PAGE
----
Today, JAMA Internal Medicine published a three-year study of a patient-centered medical home intervention in northeast Pennsylvania, concluding that it improved quality and reduced the use of some expensive medical services such as hospitalizations and emergency department and specialist visits.
The positive results of this Commonwealth Fund–supported study may come as a surprise to some. A highly discussed article published last year led by the same team at RAND (including me) used the same methods to evaluate an earlier version of the same intervention in southeast Pennsylvania and found virtually no positive effects on cost or quality after three years.1 That study and several others have been cited widely to suggest that the patient-centered medical home model of primary care cannot deliver on the promise of better care and lower costs.
Does the patient-centered medical home work? Which set of results should policymakers believe? These are actually the wrong questions. Instead, we should ask why some medical home demonstrations have produced positive results while others have not.
The northeast/southeast Pennsylvania comparison is instructive in this regard. I believe several factors missing from the southeast demonstration probably contributed to positive results in the northeast. First, primary care practices in the northeast intervention were eligible to share in the payers’ financial savings if they reduced the use of expensive services and met quality benchmarks. This wasn’t true in the southeast demonstration.
Second, primary care practices in the northeast were trained to apply a care model that would help them manage complex patients more effectively. Third, the health plans committed to giving participating practices timely data on their patients’ use of hospitals and emergency departments. Finally, the intervention in the northeast was refined in other ways based on early lessons learned in the southeast.
The Gartner hype cycle describes the introduction and eventual maturity of new technologies, but it can also be applied to other innovations such as the patient-centered medical home. It describes an early peak of high (and usually unrealistic) expectations (hype), followed by a dashing of expectations once early evidence is disappointing. Since 2007, when stakeholders first gathered to define the patient-centered medical home model, expectations have indeed been high.2 The medical home was expected to reduce costs and improve quality, quickly.3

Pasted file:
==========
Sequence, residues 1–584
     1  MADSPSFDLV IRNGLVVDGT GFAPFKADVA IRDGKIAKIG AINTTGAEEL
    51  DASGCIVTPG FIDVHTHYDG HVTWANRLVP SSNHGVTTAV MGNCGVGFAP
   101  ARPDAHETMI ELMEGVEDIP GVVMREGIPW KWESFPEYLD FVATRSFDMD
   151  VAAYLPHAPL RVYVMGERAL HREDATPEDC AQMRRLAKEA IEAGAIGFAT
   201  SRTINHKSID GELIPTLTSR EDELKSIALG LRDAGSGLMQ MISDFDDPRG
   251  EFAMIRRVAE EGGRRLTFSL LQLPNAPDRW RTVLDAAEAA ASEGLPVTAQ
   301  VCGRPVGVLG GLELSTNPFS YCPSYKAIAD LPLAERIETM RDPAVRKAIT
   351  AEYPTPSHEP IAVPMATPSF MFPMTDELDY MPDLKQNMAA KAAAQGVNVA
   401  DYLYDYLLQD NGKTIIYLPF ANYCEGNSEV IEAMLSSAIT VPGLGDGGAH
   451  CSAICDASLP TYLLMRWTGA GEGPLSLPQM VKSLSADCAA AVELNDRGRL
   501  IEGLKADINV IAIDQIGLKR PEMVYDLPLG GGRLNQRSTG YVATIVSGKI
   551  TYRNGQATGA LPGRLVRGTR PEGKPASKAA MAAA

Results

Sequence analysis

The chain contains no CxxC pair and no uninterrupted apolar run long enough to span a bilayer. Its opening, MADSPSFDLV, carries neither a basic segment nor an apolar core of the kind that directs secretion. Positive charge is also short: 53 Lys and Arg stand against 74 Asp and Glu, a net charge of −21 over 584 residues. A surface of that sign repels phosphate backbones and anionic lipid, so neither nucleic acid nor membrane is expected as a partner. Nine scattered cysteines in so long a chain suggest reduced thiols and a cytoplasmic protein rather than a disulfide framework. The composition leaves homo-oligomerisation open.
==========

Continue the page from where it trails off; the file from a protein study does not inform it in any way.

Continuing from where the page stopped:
Not surprisingly, early evidence, including our study last year, dampened the high hopes, leading to what Gartner calls the “trough of disillusionment.” The medical home does not seem to work. Perhaps it will never work! But the cycle does not end at that point. As the innovation is refined and reevaluated, successes begin to emerge. For the patient-centered medical home, 11 of 14 evaluations published over the past 18 months have found positive effects, suggesting that we are on the “slope of enlightenment,” where we move past the simplistic question, “Does it work?,” to the more compelling question, “What features of the medical home model will make it more effective going forward?”
Will the patient-centered medical home solve all of the cost and quality challenges of the U.S. health system? No. But today’s result is an important step in the progression of this innovation—and one from which delivery system innovators, the Center for Medicare and Medicaid Innovation, and policymakers can draw lessons. Like a new technology, success in delivery system innovation is rarely immediate or complete, especially in the early years. Pulling the plug may be prudent, but pulling it too early could leave us without powerful tools that can improve quality and keep care affordable.
1 M. W. Friedberg, E. C. Schneider, M. B. Rosenthal et al., "Association Between Participation in a Multipayer Medical Home Intervention and Changes in Quality, Utilization, and Costs of Care," Journal of the American Medical Association, Feb. 26, 2014 311(8):815–25.
2 M. W. Friedberg, P. S. Hussey, and E. C. Schneider, "Primary Care: A Critical Review of the Evidence on Quality and Costs of Health Care," Health Affairs, May 2010 29(5):766–72.
3 M. Bailit and C. Hughes, The Patient-Centered Medical Home, A Purchasers' Guide (Patient-Centered Primary Care Collaborative, 2008).